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June 14, 2024, 10:07:17 am

Author Topic: Is my teacher overly harsh when marking?  (Read 4706 times)  Share 

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Is my teacher overly harsh when marking?
« on: June 15, 2022, 10:02:51 pm »
Hey everyone,

We've just completed our second SAC for 3/4 Bio about photosynthesis and cellular respiration. I felt very confident going into this like my other SACs.

I ended up losing 7 marks and getting a B+, which I believe is still ranked ok in the cohort but even my teacher said the only reason why I didn't get 100% is due to either not mentioning a single word or linking back to the question, which I fully understand.

Here's an example:

We had to write the IV and DV for 2 experiments. Pretty basic stuff.

I ended up scoring 0 marks on it as the teacher said I had to write "temperature of ambient air" not "temperature" which is what I wrote. In the other experiment I wrote "pH" as the IV but he said I had to write "pH of solution" to get the mark. So in the end even though I pretty much got them all right, I wasn't awarded a single mark.

This means that in a basic question which I understand the concepts behind, I got 0 marks. Having to write temperature of "ambient air" just seemed excessive for me.

Anyway, I just want to know if the VCE bio exam markers will be this strict on questions like this or do you think maybe the way my teacher marks is harsh? Of course, my teacher knows best but just curious.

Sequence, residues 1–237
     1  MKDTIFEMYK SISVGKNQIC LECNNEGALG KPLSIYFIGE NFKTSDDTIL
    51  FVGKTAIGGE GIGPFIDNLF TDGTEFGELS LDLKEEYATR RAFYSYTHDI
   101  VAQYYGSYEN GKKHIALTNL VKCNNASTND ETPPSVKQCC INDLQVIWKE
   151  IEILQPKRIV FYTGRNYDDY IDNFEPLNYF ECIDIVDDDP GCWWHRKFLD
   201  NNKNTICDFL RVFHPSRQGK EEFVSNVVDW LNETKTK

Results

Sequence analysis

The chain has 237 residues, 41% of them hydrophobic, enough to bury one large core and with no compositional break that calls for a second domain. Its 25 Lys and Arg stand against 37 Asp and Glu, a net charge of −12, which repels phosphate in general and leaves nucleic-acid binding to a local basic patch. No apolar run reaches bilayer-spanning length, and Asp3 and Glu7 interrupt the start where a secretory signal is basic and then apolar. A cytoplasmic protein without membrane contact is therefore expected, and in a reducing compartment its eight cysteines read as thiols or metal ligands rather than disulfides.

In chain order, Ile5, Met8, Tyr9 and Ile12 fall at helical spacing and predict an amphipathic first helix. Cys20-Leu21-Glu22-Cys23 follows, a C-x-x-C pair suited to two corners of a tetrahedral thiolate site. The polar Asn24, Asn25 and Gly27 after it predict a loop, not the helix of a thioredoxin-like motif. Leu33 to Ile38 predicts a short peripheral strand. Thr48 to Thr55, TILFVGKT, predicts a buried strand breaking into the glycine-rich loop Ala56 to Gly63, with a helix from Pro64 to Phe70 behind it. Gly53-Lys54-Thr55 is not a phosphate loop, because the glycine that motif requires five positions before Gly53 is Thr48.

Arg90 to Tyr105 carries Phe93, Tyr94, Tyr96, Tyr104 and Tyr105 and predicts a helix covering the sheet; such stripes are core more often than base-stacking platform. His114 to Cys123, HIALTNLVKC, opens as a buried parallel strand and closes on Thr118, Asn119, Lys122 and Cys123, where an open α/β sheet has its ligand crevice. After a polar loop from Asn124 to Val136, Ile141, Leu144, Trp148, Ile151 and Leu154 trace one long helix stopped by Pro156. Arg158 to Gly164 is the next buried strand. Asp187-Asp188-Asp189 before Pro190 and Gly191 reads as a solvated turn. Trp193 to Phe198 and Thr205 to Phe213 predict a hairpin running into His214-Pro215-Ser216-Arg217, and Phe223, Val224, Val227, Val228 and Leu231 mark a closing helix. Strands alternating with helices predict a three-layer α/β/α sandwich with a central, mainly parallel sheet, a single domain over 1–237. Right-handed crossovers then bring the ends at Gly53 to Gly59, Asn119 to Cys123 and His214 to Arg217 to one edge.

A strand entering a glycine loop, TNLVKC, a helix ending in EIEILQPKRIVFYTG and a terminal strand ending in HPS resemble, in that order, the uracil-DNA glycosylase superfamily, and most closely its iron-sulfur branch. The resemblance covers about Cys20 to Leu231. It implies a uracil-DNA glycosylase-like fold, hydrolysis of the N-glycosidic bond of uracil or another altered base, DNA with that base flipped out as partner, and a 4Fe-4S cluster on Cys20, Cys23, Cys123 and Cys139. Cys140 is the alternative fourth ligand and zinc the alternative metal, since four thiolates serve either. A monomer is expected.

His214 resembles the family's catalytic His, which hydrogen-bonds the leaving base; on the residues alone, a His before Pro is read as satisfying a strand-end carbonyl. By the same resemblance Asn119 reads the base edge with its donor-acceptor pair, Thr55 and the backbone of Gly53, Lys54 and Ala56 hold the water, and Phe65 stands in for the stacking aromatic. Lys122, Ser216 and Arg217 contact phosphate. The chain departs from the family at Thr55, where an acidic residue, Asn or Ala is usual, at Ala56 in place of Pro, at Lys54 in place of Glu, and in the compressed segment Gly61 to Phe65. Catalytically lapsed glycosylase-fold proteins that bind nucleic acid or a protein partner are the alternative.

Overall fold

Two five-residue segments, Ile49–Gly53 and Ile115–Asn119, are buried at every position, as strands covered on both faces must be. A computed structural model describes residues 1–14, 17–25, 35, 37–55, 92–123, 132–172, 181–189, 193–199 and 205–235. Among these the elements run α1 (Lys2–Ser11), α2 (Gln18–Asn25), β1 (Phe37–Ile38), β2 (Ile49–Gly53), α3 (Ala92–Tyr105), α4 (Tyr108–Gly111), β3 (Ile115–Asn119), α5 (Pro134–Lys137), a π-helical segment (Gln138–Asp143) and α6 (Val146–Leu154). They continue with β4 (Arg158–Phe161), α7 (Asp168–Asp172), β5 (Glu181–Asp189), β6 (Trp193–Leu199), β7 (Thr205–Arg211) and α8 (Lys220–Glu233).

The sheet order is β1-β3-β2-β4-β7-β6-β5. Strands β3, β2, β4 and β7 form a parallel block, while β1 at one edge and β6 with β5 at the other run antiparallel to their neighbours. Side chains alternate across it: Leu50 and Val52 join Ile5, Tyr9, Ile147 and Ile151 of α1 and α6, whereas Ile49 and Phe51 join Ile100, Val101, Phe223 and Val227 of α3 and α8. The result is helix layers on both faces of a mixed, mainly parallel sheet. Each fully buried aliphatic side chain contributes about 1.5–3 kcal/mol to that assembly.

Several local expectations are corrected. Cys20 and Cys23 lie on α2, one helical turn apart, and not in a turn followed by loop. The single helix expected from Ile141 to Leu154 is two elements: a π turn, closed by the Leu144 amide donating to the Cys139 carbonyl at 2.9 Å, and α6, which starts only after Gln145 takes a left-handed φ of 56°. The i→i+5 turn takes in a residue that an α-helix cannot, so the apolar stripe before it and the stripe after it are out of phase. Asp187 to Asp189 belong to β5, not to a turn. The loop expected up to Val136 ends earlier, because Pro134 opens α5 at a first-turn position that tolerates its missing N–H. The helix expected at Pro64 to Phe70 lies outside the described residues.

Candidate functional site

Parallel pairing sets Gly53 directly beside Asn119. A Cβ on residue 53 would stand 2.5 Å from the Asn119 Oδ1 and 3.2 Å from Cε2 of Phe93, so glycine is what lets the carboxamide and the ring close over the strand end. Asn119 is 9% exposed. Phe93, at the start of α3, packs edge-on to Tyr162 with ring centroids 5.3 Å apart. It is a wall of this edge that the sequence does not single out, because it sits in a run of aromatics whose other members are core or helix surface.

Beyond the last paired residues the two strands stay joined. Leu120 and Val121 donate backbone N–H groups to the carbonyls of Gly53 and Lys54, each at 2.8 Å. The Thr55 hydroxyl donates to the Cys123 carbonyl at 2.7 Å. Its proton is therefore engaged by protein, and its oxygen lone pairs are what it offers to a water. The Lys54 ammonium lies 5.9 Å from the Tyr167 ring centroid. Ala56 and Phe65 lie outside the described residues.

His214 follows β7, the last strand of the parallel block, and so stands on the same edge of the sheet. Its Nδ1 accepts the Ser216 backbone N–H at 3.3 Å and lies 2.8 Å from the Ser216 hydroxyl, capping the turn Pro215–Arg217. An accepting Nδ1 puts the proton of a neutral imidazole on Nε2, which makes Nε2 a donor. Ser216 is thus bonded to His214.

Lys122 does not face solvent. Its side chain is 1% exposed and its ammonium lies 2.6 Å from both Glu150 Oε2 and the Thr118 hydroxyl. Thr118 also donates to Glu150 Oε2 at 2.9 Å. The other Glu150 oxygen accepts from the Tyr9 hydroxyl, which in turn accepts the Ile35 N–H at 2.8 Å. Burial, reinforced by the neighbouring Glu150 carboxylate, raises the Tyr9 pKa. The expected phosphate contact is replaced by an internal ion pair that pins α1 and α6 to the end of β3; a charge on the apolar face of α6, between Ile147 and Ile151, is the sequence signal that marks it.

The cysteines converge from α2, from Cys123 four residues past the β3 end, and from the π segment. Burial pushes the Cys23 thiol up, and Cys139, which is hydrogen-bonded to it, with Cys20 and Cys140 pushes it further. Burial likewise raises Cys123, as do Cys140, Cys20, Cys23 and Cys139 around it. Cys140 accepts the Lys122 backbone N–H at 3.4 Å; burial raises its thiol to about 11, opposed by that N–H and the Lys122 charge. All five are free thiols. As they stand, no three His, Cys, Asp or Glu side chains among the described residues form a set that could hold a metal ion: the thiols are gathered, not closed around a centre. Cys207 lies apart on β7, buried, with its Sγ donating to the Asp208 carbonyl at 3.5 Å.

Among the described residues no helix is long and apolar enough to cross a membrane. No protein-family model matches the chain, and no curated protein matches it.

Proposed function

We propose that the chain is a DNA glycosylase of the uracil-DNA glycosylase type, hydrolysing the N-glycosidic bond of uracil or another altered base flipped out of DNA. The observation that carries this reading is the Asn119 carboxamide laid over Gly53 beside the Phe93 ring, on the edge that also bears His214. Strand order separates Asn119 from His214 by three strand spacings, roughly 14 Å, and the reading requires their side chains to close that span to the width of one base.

« Last Edit: June 15, 2022, 10:06:17 pm by JR1321 »


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Re: Is my teacher overly harsh when marking?
« Reply #1 on: June 16, 2022, 08:38:35 pm »
Ouch! That's harsh.

We had a question like that last year - where we were asked to name the molecule that transported energy - or something like that.
Everyone said "ATP" - but only those who said "Adenosine Tri Phosphate" got the mark.

In terms of your examples - saying "ambient air" is a bit mean. I do agree that you should be more specific - saying the "temperature/ph of the container/air/solution"  - or something like that. I'd say you should expect similar marking on the exam. They don't care if you've understood the question - just that u've met their rubric.

So I guess you've got to be a specific as possible. If you have the edrolo textbook - they should provide a marking rubric for each question. As painful and inconsistent as it can be, it is worth looking at it and trying to tick each box.

For the exam - there were similar type questions year to year - and by looking at the exam reports you could develop template response to them. (I attached a PDF of a doc I made last year which may help)

Anyway, hope this helps and good-luck with the year!
VCE 2021: Methods (42 raw), Biology (46 raw); 2022: Chemistry, English, Spec, Physics